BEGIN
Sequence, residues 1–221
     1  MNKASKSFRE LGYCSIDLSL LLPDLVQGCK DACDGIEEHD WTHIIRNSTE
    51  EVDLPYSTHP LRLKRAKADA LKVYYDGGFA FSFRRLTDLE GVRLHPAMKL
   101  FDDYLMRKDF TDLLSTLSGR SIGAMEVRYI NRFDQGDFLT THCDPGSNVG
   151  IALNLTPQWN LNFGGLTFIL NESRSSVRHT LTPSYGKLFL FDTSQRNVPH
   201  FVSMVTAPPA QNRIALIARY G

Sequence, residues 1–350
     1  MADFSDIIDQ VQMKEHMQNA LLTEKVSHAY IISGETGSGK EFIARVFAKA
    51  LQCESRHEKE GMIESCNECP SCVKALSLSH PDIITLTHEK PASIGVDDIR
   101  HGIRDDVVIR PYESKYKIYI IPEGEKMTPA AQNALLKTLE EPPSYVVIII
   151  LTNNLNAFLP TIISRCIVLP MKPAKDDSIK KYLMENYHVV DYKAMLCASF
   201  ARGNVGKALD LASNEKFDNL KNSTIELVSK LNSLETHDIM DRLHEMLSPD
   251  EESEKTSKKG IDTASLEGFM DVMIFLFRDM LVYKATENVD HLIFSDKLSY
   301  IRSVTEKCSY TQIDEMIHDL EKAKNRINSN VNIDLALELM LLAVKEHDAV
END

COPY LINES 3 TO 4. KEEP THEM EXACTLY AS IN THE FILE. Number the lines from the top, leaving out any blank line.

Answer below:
    51  EVDLPYSTHP LRLKRAKADA LKVYYDGGFA FSFRRLTDLE GVRLHPAMKL
   101  FDDYLMRKDF TDLLSTLSGR SIGAMEVRYI NRFDQGDFLT THCDPGSNVG